“I was a firm believer in seeing a rooster cut before the money come out,” he said. “I didn’t like to fight roosters that hadn’t been fought ... that was kind of unheard of. But that’s how I found out who could cook.”
Journal entry from ‘99:
On May 31 I carried 14 stags to Barron’s ... I only made notes on the ones that came home. Of the black roosters, 4 came home. #26 went about 8 pittings. Put a lot of heels in opponents head. Killed the other & looked pretty good but did some ducking. #46 was a burner. Killed opponent in one pitting. #47 went about 5-6 pittings, killing opponent, looked good. #36 was a burner too. Ricky had a good one & we stopped it before one of them got killed. One of the black roosters squalled & ran. I didn’t have enough intelligence to check his punch to determine his age. #28 (1st radio) killed his opponent in 6-8 pittings. Ricky said it was the best rooster I showed. The other Radio got caught early. He didn’t quit, showed gameness, but I had to stop it to save him.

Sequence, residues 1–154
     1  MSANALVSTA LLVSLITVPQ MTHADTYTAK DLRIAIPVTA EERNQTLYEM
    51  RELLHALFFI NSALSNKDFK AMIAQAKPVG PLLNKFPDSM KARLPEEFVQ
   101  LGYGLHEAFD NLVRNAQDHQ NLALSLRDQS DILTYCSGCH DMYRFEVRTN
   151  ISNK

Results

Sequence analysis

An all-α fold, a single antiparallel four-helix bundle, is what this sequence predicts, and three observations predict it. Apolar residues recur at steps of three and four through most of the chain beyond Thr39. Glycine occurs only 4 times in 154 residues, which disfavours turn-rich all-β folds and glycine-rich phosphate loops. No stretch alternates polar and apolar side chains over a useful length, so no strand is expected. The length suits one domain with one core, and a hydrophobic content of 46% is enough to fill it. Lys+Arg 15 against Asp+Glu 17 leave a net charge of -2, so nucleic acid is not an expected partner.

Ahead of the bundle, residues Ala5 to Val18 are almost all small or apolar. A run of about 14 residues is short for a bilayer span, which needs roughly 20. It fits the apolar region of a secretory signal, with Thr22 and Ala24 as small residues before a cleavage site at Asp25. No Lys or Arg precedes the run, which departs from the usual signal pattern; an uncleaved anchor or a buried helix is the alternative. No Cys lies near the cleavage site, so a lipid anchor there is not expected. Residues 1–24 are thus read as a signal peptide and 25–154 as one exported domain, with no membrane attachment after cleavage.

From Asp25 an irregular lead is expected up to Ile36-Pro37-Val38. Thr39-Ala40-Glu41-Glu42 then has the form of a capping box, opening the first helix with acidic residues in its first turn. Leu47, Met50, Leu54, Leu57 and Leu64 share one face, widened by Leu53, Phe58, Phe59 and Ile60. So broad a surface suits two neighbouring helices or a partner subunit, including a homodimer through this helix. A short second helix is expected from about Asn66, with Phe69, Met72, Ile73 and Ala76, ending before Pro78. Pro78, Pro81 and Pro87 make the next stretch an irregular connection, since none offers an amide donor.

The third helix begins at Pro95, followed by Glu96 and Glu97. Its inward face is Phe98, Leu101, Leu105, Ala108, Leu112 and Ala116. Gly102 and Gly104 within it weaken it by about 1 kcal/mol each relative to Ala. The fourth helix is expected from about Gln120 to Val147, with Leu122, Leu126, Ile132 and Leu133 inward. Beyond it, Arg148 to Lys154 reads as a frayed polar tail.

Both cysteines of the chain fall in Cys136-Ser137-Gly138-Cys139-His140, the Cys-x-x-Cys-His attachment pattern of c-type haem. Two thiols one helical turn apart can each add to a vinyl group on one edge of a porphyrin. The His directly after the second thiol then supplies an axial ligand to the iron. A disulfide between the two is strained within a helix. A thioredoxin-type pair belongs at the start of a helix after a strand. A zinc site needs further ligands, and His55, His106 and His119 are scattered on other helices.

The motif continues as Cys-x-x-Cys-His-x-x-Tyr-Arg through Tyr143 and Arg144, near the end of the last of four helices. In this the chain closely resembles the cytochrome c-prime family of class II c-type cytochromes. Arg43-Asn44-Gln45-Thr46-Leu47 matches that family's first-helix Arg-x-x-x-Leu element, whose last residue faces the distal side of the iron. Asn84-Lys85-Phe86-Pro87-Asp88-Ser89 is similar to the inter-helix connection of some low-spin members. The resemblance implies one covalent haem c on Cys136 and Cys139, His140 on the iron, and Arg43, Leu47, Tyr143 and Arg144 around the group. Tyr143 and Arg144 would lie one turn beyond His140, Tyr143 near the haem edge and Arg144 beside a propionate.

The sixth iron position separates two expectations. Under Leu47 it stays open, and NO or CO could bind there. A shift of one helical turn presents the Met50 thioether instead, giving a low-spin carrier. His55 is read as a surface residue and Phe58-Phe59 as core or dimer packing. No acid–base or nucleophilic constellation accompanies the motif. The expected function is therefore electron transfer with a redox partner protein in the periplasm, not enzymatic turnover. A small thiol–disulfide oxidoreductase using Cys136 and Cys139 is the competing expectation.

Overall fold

Losers were usually cranked.
Clyde told about a stag that ran. He was about to crank him when his buddy talked him out of it.
“I told him, ‘But that rooster’s a donkey. Let’s go ahead and kill him now.’ He wouldn’t let me. I said, ‘Well I’m gonna put a little piece of red wire around his leg. He ever acts like that again, he’s gone.’“
That rooster shook his running habit, won a few fights and earned his name, “Red Wire.”
There are bloody barrels and piles of dead roosters